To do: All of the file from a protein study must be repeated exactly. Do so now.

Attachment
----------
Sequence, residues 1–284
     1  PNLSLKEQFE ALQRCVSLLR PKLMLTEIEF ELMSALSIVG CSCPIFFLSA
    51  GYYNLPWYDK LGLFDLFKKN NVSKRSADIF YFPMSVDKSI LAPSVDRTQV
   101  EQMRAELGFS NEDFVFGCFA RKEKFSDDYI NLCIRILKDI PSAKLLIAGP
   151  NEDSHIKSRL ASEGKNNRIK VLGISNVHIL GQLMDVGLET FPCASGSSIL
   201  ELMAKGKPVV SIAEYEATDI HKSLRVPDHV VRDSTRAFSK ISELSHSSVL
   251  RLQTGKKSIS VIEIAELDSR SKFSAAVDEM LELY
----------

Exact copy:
Sequence, residues 1–284
     1  PNLSLKEQFE ALQRCVSLLR PKLMLTEIEF ELMSALSIVG CSCPIFFLSA
    51  GYYNLPWYDK LGLFDLFKKN NVSKRSADIF YFPMSVDKSI LAPSVDRTQV
   101  EQMRAELGFS NEDFVFGCFA RKEKFSDDYI NLCIRILKDI PSAKLLIAGP
   151  NEDSHIKSRL ASEGKNNRIK VLGISNVHIL GQLMDVGLET FPCASGSSIL
   201  ELMAKGKPVV SIAEYEATDI HKSLRVPDHV VRDSTRAFSK ISELSHSSVL
   251  RLQTGKKSIS VIEIAELDSR SKFSAAVDEM LELY